Voilà...a link to the actual website, apparently named Project Headlands. (Sounds cryptic, I know.) Also apparently, and you'll see this on the website or on the sign once they all get back to work, Phase 1 is now complete, and Phase 2 is underway. Just saying.
The hike was a scorcher, indeed, especially in the protected valleys away from the ocean. It's also, right about now, a freakin' tinderbox over there, dry as a dead dingos donger (that's an Australian expression; not sure what it really refers to/means, but there you have it). If you like your vegetation sere and brittle and are into earth tones - brown, taupe, ecru, sand, gold, beige, tan, khaki, brownish-grey, olive green - with tiny bits of withered orange and yellow flowers beneath a big, bad-ass blue sky streaked sometimes with wispy white clouds...well, if you're into that then get out there and get yerself a-hiking. The fog is mostly kaput, the relentless wind is a little less relentless, and the seaside days and evenings are warm (inland it's an inferno). No doubt about it, my fellow bipeds: October - Rocktober, as it's known in these parts - is a GREAT month to hit the trail.
On the return bus ride I sat near a woman with her small dog, which was very well behaved, and which reminded me of a canine interlude from last year: same beach, waiting for the same bus, after the same hike.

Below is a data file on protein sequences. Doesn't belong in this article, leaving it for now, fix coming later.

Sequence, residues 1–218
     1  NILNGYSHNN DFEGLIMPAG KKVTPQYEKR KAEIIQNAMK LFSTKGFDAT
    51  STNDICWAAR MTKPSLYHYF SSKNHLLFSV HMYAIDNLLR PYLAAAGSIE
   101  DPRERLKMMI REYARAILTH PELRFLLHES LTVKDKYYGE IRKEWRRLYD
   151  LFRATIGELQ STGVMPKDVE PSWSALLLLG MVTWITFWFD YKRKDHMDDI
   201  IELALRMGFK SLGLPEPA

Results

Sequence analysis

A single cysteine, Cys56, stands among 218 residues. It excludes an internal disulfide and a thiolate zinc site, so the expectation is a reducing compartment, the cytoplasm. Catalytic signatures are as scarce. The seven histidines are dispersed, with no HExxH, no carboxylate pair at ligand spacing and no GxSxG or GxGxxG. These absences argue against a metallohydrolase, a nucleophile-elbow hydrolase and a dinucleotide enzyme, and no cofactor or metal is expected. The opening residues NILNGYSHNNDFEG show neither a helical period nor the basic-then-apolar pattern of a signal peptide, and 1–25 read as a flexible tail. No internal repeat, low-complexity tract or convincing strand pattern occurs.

* * *
"Wait a minute, sorry," the bus driver said, as he motioned for us to stop, "you can't get on the bus." I stood with an odd assortment of folks in the parking lot of Rodeo beach, the odd assortment one usually finds riding the #76 Marin Headlands on Saturday and Sunday, all waiting to be transported back to San Francisco. "Some lady's dog threw up on the floor."
My first thought was, Where the hell is she, and why did you let her off the bus without making her clean up after her animal?
The bus driver was obviously addled, not sure what to do. A few of us peaked inside. A few folks actually snuck on and took a seat while the driver called headquarters. (Really? Headquarters? Can't figure this one out by yourself?) Sure enough there was a small, unsightly pool of puke in the aisle.